With the 2011 college football season now at a close, can we really say the BCS system is doing it’s job? This past season revealed a remarkable aspect to the BCS that most critics thought it incapable of – a same-conference matchup for the national title between two teams that had played each other previously in the season. Even as the bowl selection process was being finalized, some naysayers believed it just wouldn’t happen that Alabama and LSU would play again, especially after a LSU victory earlier that season.
With College Football Ever have a playoff system?
Still, others argued that by virtue of the SEC and the now long-standing tradition of strength for those two programs, Alabama-LSU was the only logical matchup for the national championship game. They argued that yes, LSU may have won that game, but Alabama offered more of a challenge than any of the other bowl contenders could have possibly delivered.
And at the core of the discussion were those who set up the BCS to begin with – chiming in with the supposed unbiased computer rankings and complex calculation system meant to weed out “personal preference” and create solid pairings based on strength of schedule and scoring ability.
Now after the trampling that LSU received Monday night at the hands of the Crimson tide do we really feel like we witnessed the best two teams in college football? Yes the BCS is still the only game in town to decide who goes to the national championship... but are they off the hook for good? Most would still argue no, as the other bowl matchups like Michigan – Virginia Tech and Clemson – West Virginia were far from marquee games. Especially with teams like Boise State, Houston and Kansas State all turning in strong seasons, it calls into question whether the best-possible bowl games were actually considered. The answer to this is a resounding no. Based on the BCS parameters, the major bowls are dedicated to certain conferences... conferences which have literally “paid” allegiance to the system in one way or another to make sure their conference is represented.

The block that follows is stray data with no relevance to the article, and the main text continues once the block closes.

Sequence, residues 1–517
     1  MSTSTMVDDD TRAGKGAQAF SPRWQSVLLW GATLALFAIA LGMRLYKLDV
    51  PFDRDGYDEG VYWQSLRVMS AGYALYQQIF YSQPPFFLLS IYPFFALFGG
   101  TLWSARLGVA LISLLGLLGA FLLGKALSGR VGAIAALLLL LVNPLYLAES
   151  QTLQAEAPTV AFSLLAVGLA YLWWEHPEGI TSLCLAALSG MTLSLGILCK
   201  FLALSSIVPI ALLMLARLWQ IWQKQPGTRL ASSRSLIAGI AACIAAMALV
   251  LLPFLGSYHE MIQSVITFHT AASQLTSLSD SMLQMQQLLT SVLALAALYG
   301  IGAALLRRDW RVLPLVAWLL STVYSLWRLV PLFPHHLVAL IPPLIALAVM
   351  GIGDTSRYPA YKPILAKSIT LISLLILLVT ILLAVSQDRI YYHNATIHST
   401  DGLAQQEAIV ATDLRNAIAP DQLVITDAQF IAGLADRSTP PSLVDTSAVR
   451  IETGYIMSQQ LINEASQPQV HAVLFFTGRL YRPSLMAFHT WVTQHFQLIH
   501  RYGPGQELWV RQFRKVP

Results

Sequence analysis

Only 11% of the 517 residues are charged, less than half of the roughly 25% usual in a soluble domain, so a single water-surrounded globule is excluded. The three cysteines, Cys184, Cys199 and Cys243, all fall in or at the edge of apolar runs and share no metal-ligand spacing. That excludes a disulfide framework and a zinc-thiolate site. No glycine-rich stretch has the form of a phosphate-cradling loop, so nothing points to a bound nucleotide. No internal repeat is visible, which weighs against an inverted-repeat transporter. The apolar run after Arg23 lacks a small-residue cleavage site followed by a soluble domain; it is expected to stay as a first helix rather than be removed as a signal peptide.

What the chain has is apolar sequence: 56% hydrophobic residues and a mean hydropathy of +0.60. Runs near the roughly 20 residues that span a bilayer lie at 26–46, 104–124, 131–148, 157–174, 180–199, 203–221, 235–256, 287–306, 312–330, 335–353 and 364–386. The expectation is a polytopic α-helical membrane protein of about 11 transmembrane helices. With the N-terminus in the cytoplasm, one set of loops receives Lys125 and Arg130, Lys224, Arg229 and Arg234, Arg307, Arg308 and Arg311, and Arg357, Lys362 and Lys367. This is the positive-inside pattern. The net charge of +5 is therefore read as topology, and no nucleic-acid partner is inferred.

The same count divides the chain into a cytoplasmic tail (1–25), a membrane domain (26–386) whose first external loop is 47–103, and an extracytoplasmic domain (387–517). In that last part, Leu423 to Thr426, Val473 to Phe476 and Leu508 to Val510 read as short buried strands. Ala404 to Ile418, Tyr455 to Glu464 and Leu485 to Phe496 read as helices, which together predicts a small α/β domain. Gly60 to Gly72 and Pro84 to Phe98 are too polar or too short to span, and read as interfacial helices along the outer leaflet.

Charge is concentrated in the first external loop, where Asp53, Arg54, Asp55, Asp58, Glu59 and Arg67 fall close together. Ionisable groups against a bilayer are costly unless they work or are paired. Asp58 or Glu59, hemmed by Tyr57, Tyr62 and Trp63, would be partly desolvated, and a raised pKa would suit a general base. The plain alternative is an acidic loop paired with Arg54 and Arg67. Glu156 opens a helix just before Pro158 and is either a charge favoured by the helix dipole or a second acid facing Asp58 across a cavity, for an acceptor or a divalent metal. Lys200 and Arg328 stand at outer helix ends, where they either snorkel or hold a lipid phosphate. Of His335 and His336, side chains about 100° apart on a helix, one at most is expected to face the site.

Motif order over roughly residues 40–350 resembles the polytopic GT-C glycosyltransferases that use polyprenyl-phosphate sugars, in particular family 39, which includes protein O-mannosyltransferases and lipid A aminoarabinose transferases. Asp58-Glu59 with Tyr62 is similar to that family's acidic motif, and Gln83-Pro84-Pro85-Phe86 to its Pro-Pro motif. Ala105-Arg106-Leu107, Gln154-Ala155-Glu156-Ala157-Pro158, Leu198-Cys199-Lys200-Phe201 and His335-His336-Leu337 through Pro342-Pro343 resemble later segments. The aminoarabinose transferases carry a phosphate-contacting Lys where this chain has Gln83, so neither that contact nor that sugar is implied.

The SEC, PAC-12, Big 12, Big Ten, and ACC are all locked-in to a bowl game, whether their entire conference dominates or whether they look more like Division II teams. No wonder the Boise State’s, Kansas State’s and Houston’s of the world get angry. Their best shot at those prime-time bowls is to get matched against a locked-in opponent, which typically means running the table inside and outside their own conferences. Now, we fully understand that most armchair quarterbacks among us believe that if Boise State, Houston and Kansas State all put together their MVPs and created a team, they’d still fail miserably against an SEC team firing on all cylinders... but the point is the BCS will never let us know for sure, because we’re simply not likely to see it happen.